8. No, I want competition in standard sets- anyone with deep pockets can set up a custom set to make it near impossible to compete. While I know I will never have the top set in ANY of my chosen series, I *can* get in the top ten and that is good enough for me. The point is, I come here because I can enjoy all the other sets I am competing against and use them as a reference for how to build mine. I also like the fact that the world's most serious collectors display here and on PCGS's site, and that is why I ended up here- PCGS got the thumbs down for excluding NGC coins, and NGC got the thumbs up for including theirs. That was a smart move in my humble opinion and likely added to their membership. The new policy takes away the only incentive I had to use this site. But to answer your other question- if I had to choose between posting ALL of my coins together on an independent site or only PCGS or NGC coins on their respective sites, I think I could forego the half-way competition and settle for no competition at all- afterall, in the end the hobby is about the joy of collecting first and all else is just peripheral.
  9. Thanks, I wasn't aware of that, but as I mentioned, there is no way to compete using this method. While I couldn't care less about how many points since we're all playing under the same rules, I couldn't have picked up the award for my half eagle set last year this way, nor can I ever again if I can't list my PCGS coins, which are usually half or more of any given set. (my lib nick set is 90% PCGS) I appreciate the insight but USA Coin Book is impartial so maybe it will grow more quickly if I'm correct in assuming others will leave NGC for the same reasons. Being a long time business owner I was shocked that they took a chance with the new policy. We'll see how it plays out I guess, but if I was an owner or my income was based on profits, I think I would have thought it through a little better.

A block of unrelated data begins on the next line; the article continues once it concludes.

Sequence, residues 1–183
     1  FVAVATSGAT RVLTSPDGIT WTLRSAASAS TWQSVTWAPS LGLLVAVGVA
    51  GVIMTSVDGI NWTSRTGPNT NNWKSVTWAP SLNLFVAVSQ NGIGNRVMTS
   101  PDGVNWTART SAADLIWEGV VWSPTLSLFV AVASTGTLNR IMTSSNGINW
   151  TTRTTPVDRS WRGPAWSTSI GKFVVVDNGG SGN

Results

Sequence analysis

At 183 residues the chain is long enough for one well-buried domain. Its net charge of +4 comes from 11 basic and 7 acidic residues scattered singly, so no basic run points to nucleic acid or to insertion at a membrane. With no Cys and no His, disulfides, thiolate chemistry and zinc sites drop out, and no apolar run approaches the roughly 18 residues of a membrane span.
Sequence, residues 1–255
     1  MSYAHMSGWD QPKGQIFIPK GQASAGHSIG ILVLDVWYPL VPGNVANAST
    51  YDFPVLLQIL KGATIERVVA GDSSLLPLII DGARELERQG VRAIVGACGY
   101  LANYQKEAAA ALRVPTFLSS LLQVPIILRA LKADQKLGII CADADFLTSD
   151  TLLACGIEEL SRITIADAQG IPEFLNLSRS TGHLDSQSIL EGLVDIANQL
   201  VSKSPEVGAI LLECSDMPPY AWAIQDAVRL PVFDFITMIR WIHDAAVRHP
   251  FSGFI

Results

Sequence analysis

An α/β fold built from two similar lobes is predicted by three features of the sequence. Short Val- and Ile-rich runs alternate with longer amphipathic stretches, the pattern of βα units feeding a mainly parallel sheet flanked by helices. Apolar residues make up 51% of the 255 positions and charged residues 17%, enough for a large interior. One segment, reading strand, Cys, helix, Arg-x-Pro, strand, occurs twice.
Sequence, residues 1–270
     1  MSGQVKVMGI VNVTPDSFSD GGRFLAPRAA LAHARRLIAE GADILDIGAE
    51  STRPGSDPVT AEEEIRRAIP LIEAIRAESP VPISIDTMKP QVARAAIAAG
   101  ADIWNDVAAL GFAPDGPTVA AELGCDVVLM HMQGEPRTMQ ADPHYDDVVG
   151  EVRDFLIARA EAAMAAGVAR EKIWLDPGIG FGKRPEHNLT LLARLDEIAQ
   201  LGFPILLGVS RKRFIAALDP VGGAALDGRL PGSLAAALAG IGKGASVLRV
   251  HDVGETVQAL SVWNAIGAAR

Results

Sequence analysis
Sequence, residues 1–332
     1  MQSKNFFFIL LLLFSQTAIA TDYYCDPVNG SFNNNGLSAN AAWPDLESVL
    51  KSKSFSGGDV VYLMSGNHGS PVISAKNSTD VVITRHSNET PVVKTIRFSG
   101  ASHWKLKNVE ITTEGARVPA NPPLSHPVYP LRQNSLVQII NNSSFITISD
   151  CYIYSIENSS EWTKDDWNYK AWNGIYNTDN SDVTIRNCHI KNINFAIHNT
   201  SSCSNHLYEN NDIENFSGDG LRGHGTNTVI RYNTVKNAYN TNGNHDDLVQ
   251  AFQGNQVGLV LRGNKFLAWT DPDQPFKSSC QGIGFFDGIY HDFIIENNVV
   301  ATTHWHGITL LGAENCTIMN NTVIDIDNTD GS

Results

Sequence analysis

10. I was all ready to set up with PCGS about five years ago when I realized that I couldn't post my NGC coins there, so as disappointed as I was, I walked away from the idea of a registry set. Later when I found out that NGC allowed PCGS coins it was a perfect fit for my collection so I displayed my sets proudly here. I am sorry to say now however that I feel like NGC has abandoned me. If I can't display EVERY coin in my set, what incentive do I have to buy slabbed coins for internet display? I could put the whole set on USA Coin Book but there is no competition, awards or much collector support at this time, but it would be better than either PCGS or NGC since you can list ALL of your coins whether they be raw, slabbed, damaged or whatever the case might be. While I loved the collector community here and have enjoyed reading everyone's journals and posts, without the registry angle I can't see myself using the site much any more. Further, I will now forever be inclined to buy PCGS coins instead, not just for the added prestige of the PCGS brand, but also because I feel that NGC has lost all sense of loyalty to collectors, the very life blood of your business. Whatever the extra cost, was it really worth losing life long customers? (I started collecting NGC graded coins in 1987!) Ali, you've been very good to us, no personal complaints at all there. Maybe if you forward this to the people responsible for the decision to eliminate PCGS coins in your registry they'll see it from a loss of profit angle and see fit to reinstate the old policy. If not, I am fairly certain other serious collectors will see it the same way and stop wasting their time here too, afterall, why would anyone want to display only half of their set? Not to seem ungracious, many thanks to NGC for the award last year, it was appreciated and will be cherished for the rest of my life. Would have liked the chance to keep trying for another over the coming years. I hope we can change a few minds. Thanks for your ear.